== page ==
John Chambers on the Silicon Valley exodus: ‘We’re in real trouble’

"The complacency is scary."

​John Chambers

John Chambers is worried about the future of Silicon Valley.

Photo: JC2 Ventures

John Chambers is considered somewhat of a legend in Silicon Valley. And he's very nervous about its future.

Chambers led Cisco for two decades, guiding the tech giant through major waves of disruption and innovation. After stepping down in 2015, he embarked on a new career as a venture capitalist, launching JC2 Ventures in 2018.

His views still resonate in tech and Silicon Valley, where he's often viewed as an elder statesman and mentor. And he has a lot to say nowadays.

In a conversation with Protocol, Chambers shared his deep concern about the future of California, and particularly Silicon Valley. He spoke of the alarming wave of departures from the region and the state, led by Hewlett Packard Enterprise and Oracle. He also shared his frustration with California's leadership and explained his decision to endorse the potential candidacy of the former mayor of San Diego, Kevin Faulconer, as the campaign to recall Gov. Gavin Newsom gains momentum.

This interview has been edited for brevity and clarity.

You endorsed former San Diego Mayor Kevin Faulconer's potential gubernatorial run. But are you supporting the campaign to recall Gov. Gavin Newsom?

Two separate items. Am I supporting Kevin? Absolutely. Am I actively involved in the recall? No. If there is going to be an election, I do think it is time for a change. I think we are in trouble in California.

At the present time, California is not a good state to do business in. It is getting worse. It used to be that every startup that I was involved in, if they weren't in Silicon Valley, they were talking about: When would they come? No one's asking that question anymore. When you see Hewlett Packard [Enterprise] leave — they were the original garage startup and the one that I modeled after culturally — when you see Charles Schwab leave, when you see Elon Musk leave himself, you realize our state has a problem and we are in denial.

The issues aren't anything to do with any political party. The issues are our regulations are non-competitive; our cost of living is non-competitive; our tax structure is the worst in the nation.

They had the golden goose, and nobody seems to care that suddenly the geese are flying away.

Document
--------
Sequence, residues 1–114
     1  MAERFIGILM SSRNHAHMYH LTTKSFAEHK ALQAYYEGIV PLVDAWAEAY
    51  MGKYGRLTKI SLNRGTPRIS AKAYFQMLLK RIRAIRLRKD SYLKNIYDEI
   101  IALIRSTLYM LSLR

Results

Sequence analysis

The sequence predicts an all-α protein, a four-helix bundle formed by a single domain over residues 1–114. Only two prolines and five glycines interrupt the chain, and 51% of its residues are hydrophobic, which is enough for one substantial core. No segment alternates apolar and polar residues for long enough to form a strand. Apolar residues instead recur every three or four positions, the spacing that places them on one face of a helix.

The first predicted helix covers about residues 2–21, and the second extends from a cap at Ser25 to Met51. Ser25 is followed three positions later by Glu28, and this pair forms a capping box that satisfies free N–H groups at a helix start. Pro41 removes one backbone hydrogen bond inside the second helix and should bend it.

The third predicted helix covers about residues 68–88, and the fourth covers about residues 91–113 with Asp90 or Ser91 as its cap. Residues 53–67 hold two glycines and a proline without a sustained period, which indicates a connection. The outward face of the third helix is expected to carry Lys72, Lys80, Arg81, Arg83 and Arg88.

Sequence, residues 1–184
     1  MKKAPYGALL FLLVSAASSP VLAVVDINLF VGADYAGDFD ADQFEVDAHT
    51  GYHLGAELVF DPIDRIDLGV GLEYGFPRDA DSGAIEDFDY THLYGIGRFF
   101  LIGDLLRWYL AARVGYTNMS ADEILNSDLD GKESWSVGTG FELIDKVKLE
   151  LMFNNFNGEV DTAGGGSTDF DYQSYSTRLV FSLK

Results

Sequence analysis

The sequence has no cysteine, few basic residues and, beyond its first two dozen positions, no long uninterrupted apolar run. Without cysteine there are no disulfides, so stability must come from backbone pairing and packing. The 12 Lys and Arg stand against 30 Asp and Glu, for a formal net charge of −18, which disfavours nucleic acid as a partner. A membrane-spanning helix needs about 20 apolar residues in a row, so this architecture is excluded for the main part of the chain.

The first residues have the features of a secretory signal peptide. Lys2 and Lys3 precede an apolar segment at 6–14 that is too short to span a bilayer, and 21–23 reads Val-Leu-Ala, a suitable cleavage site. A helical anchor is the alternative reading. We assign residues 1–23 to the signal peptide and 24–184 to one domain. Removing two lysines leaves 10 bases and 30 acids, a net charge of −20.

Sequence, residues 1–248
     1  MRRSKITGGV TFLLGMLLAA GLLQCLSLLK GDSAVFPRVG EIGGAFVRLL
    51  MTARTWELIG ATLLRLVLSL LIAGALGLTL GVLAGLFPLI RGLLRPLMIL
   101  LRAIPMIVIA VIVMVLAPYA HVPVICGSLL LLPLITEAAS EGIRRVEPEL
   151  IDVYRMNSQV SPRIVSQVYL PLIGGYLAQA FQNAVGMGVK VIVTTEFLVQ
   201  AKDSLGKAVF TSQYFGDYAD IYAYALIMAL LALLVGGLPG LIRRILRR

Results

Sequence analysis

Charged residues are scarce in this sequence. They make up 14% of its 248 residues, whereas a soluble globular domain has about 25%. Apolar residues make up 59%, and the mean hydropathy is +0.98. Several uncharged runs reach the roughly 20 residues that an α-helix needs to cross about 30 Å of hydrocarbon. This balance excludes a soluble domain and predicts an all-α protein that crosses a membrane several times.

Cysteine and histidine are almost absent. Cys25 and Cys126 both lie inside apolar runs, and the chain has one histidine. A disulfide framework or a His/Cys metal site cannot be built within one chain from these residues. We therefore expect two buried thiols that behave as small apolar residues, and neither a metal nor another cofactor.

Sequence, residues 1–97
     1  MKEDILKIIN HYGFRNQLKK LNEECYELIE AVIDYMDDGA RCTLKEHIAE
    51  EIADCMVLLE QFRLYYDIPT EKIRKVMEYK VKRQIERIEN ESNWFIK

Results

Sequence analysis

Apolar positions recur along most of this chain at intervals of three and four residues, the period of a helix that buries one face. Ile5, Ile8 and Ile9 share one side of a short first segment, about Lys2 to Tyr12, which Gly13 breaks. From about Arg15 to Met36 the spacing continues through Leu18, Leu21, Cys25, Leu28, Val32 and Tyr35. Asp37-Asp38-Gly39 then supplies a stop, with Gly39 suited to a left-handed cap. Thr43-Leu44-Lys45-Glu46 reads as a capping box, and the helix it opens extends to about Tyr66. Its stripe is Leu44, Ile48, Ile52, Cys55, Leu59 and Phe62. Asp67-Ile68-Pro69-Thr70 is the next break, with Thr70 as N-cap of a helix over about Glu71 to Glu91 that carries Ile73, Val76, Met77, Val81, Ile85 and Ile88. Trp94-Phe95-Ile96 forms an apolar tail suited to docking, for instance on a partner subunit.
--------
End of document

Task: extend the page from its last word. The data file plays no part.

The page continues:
The implications for our state, long term, are terrible on job creation. Remember each core job in tech supports five additional jobs, everybody from the people who build houses to the dentists to the people who do the landscaping, the Uber drivers and so on.

I believe it's time for a change. It would be easy to just ignore this and just automatically go with startups moving throughout the nation. But I owe an obligation to Silicon Valley for us to know what I think the outcome will be at the current trends. Because I've seen the movie so many times before.

This is self-inflicted, entirely. It's a regulatory environment that takes business for granted: that when they pass regulations, they don't even do a study on the impact on jobs, especially startups and small companies. You can hit a big company with a billion-dollar fine and their stock probably won't even move. You hit a small company with regulations on privacy or other issues and that means they may not be able to be viable. Or they'll have to go to another state for the majority of their employees.

You have to realize this is global competition for new companies and existing companies. And we're not even competing. You're going to disrupt or you get disrupted. At the present time, we're getting disrupted at tremendous speed. And the complacency is scary.

It's too late once the jobs are gone, and then all of a sudden our kids can't get jobs in the state, regardless of where they are. It's too late when you suddenly say, my tax base got cut by 30% because the companies and employees left. If I were doing a startup today, I would go to Texas.

Is there a regulation that stands out for you as an example?

I think the effects of the privacy rules being passed. Do I believe that we've got to have privacy regulation? Absolutely. But you've got to understand the economic impact, especially for small companies. For every regulation passed, there should be an accompanying summary of what it means to jobs, especially jobs in startups.

The large companies will not add total headcount over the next decade anywhere in the U.S. There'll be some, like an Apple, that may go up dramatically, or an Amazon, but the banks, the manufacturing, the tech companies won't add [jobs] in total. So if you don't create an environment that is very friendly to small businesses getting bigger and startups getting bigger, you've got an issue coming at you.

Is it too late for California, in your view?